Glossary Terms for Telecom Equipment

It is important to understand the elements that comprise the life-line of communications with your customers. When I consult with Clients regarding purchasing new equipment, it is essential that they understand the basics in what is a major aspect of creating customer-driven enterprise. Communication equipment, and its configuration, can make or break many opportunities for a business owner. Understanding the basics leads to better decision-making when purchasing or upgrading equipment.

ACD – Automatic Call Distribution, used in the process of evenly distributing calls to individual extensions or groups of extensions and for queuing callers if all extensions are busy

CTI – Computer Telephone Integration – merging of traditional telecommunications (PBX) equipment with computers and computer applications. The use of Caller ID to automatically retrieve customer information from a database is an example of a CTI application.

Hunt Group – Used to distribute calls to individual extensions in a specific sequence such as first to last.

IVR – Integrated Voice Response – used to describe systems that provide information in the form of recorded messages over telephone lines in response to user input in the form of spoken words or more commonly DTMF signaling.

PBX – Private Branch Exchange, a private telephone network used within an enterprise. The system is comprised of traditional Digital or Analog type telephones. Users of the PBX share a certain number of outside lines for making telephone calls external to the PBX.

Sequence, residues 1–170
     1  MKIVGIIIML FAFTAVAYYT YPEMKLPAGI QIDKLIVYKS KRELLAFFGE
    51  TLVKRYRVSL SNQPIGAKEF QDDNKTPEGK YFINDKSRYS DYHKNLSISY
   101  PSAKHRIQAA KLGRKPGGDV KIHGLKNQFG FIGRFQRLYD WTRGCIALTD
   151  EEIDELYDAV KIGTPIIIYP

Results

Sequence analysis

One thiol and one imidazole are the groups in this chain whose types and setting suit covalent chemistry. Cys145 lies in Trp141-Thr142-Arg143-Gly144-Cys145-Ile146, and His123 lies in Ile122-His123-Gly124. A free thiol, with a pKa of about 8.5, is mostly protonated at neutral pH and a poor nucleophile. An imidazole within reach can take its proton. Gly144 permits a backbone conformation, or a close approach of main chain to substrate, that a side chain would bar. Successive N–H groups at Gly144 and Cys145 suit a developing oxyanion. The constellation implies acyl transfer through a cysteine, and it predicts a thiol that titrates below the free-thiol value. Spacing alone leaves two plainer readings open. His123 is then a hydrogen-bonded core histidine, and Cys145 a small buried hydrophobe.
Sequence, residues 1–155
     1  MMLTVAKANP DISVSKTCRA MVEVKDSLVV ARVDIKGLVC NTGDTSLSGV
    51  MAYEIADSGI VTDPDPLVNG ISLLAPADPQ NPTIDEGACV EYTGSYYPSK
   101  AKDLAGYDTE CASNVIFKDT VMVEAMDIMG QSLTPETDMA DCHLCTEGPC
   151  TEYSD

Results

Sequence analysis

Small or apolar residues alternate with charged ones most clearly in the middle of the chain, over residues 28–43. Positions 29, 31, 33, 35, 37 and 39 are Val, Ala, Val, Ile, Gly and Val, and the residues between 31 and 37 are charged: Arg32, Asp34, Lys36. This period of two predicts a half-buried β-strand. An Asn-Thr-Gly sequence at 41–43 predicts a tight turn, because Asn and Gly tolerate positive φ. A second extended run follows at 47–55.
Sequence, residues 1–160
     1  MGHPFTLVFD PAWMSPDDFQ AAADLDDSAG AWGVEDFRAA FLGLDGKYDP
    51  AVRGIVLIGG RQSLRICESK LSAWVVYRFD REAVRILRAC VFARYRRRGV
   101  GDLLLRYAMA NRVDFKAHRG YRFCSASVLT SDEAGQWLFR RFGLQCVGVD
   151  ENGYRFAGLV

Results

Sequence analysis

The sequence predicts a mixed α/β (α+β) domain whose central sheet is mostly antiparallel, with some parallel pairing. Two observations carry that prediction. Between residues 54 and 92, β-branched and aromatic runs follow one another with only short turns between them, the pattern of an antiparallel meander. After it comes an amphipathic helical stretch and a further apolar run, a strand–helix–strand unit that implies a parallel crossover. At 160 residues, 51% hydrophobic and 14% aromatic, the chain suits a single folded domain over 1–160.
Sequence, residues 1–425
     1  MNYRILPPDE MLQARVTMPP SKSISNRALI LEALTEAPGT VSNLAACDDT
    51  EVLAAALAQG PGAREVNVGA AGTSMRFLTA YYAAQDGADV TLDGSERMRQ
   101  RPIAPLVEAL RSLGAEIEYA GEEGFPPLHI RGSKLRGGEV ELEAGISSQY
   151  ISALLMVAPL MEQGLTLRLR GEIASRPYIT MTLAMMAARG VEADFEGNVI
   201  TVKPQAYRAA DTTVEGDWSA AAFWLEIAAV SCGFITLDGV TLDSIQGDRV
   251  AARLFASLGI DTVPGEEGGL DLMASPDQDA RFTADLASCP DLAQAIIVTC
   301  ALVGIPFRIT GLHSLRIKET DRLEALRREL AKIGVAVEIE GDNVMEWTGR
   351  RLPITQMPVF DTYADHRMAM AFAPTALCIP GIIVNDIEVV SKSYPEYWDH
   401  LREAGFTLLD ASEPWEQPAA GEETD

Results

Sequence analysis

IP- PBX – Internet Protocol – Private Branch Exchange, this is an Internet Protocol type of PBX using VoIP type telephones. Similar to PBX described above but sharing the data network to supply voice communications throughout the enterprise.

TDM – Time Division Multiplexing digital signaling used in traditional PBX for connection of Digital telephones.

SIP – Session Initiation Protocol. A standards based protocol for IP phones. In the world of VoIP, SIP is a call setup protocol that operates at the application layer.

VoIP – Voice over Internet Protocol, allows you to make telephone calls using a computer network, over a data network like the Internet. VoIP converts the voice signal from your telephone into a digital signal that travels over the internet then converts it back at the other end.

UM – Unified Messaging, the ability to have Voice Mail messages delivered to your email client software typically using Microsoft Outlook.